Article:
Gemjo’s snores hummed in the back of his mind, and he smiled.
“Perhaps I should tell you.” He mused. “You are a northerner.”
Her snores croaked a little.
He stared off into the creek bed, “It happened six years ago, I remember it still. I remember the colors. The smell. Fire. It was the day I met my half family. Well,” he trailed, his eyes flicking down, “the day they met me. The have a saying in my family. That blood runs hotter than steam, whatever that means.” He laughed. He paused as his smile faded. “But they’re not my real family and they never will be. Not after what they did. I can’t…” He stopped short as something in the creek caught his eye. The glint of it made him slide up his goggles.
He took off from the hammock and made to the rushing waters. As he got closer the shape of it became more defined.
He crouched, his hand extended ahead of him. It was a key. The water formed eddies around his alien limb before he drew the treasure out of the bank.
Still dripping, he held it up to his goggles. He marveled at it. It was a polished ebony piece, with a golden trim around the head and an hourglass cut out of it. His eyes traveled to the end of the key. It had only one projection, but one shaped like a triangle with a circle carving out the tip. He ran his index finger along the blade and turned it. Small letters appeared briskly in the light. Letters he knew nothing of.
“You found something?” Yawned Gemjo.
He caught her rubbing her eyes and sitting on the hammock.
He stuffed the key in his coat pocket, “No. Just observing my turn.”
“Oh?” she said wading to the creek. Her furry face soon joined his as the two stared into the surface. Her eyes lowered. “This is boring.”
Tig glanced away, “When did you wake?”
“Why? Did you want to know when I knew you were gawking at me?”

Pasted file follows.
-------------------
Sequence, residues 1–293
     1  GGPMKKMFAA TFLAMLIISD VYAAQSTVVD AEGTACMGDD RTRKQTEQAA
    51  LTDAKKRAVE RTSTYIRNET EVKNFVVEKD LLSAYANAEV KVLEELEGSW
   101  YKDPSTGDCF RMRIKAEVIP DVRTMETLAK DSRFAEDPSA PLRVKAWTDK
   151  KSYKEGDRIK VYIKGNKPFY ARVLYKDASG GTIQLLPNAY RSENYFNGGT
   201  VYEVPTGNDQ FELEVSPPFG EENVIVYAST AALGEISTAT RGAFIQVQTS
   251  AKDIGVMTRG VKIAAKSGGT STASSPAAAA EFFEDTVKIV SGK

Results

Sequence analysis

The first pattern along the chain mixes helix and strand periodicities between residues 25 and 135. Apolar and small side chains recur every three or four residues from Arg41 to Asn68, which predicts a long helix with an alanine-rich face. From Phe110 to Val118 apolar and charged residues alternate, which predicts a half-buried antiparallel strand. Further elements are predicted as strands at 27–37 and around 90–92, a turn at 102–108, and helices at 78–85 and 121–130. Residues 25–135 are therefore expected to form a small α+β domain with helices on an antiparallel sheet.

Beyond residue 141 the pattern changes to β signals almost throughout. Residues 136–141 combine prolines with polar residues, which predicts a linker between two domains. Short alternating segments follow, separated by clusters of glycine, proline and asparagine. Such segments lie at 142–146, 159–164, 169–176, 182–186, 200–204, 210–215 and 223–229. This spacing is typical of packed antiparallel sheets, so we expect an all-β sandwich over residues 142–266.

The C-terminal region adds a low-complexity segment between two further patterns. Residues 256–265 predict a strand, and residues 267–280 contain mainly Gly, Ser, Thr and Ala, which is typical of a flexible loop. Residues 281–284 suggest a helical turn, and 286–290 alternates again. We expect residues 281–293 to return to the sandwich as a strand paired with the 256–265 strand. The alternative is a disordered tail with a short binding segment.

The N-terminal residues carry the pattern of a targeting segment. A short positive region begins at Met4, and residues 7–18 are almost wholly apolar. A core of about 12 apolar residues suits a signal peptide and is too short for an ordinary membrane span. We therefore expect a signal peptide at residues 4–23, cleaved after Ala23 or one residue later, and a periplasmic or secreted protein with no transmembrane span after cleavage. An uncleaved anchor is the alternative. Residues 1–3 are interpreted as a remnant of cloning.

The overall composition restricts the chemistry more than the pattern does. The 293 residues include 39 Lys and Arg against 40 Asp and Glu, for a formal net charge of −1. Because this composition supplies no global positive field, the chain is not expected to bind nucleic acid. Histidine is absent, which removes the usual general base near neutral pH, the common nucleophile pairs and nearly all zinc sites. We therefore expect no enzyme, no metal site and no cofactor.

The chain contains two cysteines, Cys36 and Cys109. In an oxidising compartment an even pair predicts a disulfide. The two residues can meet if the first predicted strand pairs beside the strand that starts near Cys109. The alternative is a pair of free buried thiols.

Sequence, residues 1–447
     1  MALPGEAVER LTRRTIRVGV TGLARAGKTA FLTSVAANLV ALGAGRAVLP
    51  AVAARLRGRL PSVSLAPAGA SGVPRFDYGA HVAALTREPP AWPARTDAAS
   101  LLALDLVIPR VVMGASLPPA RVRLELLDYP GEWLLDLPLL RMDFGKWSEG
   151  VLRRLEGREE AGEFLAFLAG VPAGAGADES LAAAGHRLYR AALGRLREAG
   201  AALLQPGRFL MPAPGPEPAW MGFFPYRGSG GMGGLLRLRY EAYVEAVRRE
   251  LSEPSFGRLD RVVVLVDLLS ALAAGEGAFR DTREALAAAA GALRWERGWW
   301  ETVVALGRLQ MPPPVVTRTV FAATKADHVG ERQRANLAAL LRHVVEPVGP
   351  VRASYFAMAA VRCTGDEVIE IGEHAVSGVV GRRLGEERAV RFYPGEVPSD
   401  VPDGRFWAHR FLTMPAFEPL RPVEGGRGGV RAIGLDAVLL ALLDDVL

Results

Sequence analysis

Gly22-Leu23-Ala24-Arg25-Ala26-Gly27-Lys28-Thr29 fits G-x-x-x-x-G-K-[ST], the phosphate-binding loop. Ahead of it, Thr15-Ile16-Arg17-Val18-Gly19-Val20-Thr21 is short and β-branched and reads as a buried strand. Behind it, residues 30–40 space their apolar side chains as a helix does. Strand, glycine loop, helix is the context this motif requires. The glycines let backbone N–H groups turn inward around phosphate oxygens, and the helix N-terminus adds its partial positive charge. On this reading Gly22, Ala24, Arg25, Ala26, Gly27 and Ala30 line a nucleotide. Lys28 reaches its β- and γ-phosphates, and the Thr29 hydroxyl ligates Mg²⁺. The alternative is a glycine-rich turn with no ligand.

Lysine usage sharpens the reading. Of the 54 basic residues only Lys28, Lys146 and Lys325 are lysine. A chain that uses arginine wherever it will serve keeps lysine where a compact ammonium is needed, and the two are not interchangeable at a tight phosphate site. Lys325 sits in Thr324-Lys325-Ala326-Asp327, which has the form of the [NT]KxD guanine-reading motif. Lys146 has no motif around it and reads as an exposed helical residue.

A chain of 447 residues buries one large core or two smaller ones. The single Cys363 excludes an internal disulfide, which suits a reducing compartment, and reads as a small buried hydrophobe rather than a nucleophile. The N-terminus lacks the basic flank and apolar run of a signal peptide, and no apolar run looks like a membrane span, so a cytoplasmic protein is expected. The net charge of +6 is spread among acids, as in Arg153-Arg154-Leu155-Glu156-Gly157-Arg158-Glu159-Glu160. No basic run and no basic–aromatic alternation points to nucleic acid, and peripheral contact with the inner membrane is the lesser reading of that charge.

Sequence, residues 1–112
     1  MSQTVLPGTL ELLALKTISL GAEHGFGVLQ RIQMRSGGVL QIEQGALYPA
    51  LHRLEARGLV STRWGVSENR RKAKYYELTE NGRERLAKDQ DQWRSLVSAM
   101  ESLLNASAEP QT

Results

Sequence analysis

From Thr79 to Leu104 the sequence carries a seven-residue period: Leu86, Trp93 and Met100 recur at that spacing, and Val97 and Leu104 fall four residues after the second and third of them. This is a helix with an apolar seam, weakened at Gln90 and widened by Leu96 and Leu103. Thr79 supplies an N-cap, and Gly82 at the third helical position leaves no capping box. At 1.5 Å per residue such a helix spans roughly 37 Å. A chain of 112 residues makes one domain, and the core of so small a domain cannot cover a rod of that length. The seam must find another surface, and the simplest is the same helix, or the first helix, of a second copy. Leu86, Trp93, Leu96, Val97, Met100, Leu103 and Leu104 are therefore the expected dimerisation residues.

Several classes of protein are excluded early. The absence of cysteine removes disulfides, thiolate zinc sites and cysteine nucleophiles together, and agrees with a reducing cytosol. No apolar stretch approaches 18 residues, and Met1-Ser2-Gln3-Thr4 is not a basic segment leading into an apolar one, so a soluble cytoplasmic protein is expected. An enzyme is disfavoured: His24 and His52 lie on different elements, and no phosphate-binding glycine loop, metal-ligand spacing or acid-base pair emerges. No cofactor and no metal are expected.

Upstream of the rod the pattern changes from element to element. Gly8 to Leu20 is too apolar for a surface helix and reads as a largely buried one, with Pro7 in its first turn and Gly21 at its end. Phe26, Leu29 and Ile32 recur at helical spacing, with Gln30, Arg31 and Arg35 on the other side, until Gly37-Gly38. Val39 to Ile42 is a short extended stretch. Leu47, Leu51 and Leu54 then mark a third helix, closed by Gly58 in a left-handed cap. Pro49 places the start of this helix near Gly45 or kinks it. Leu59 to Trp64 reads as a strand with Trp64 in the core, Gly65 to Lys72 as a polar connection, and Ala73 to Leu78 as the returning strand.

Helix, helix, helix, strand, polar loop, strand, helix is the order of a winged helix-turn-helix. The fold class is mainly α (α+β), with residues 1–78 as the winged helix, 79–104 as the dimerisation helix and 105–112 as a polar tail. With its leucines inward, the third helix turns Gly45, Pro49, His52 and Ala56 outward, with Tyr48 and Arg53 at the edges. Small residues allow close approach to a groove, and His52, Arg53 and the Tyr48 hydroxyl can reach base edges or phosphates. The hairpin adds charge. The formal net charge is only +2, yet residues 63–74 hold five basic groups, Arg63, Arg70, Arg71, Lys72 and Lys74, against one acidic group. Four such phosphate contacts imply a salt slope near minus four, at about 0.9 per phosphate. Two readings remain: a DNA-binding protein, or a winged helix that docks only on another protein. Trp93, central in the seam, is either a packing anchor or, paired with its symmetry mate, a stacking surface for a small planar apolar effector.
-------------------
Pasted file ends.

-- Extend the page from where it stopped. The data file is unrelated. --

“I—I just got here.”
Tig shook his head. “The Professor. We need to find him.”
“About that. I have a proposal. Now hear me out, chitik, I say we abandon him.”
“Not again. We tried that.”
Gemjo flung her arm around his neck and leaned close, “This is different. We’re on an island. If we go, he won’t find us. Say Franco finishes his ship, then we leave without the man who got us here. Think about it.”
Tig stepped away from her, “No. I felt sick the first time we did that. I’m not doing it again.”
She frowned, wandered to her hammock and tumbled into it, “I tried.”
“You’re just going to sleep here? What if Franco needs our help?”
She turned over, “Even if Franco doesn’t finish I could always swim off.”
“And your bounty?”
“I got enough cogs to pay it off. And in case you’re wondering, I hid my cogs before I found shelter. In case someone stole from me while I was… recuperating.”
A smile played up his cheek, “Did you hide those cogs in a pouch?”
She shot up. The hammock swung.
“Because Franco saw a certain drunk carrying it.”
Her voice croaked, “No…”
The two northerners sped under the branches. They ran for minutes before Tig requested a stop. Trees hovered over them. They had run directly into the midst of the forest.
“Where?” He puffed. “Where could the drunk have gone?”
Gemjo sniffed the air, “Follow me.”
Gemjo sighed, “You rest too much, chitik.”
“I don’t want to hear that from you, seawolf.” Tig stood up as he said that. “Did you howl earlier by the way?”
Her tail visible shivered and he scoffed back a laugh.
Gemjo spun to him, her guise livid, “We do not howl.”
“Was it the Professor then? Did he howl?”
“What howl?” she sighed.
“You didn’t hear it? It happened a little before I stumbled upon you.”
“See my delightfully fluffy ears? I would have heard a howl.”
His brows fell low. Gemji’s butterfly ears twitched.
“What if you were asleep?”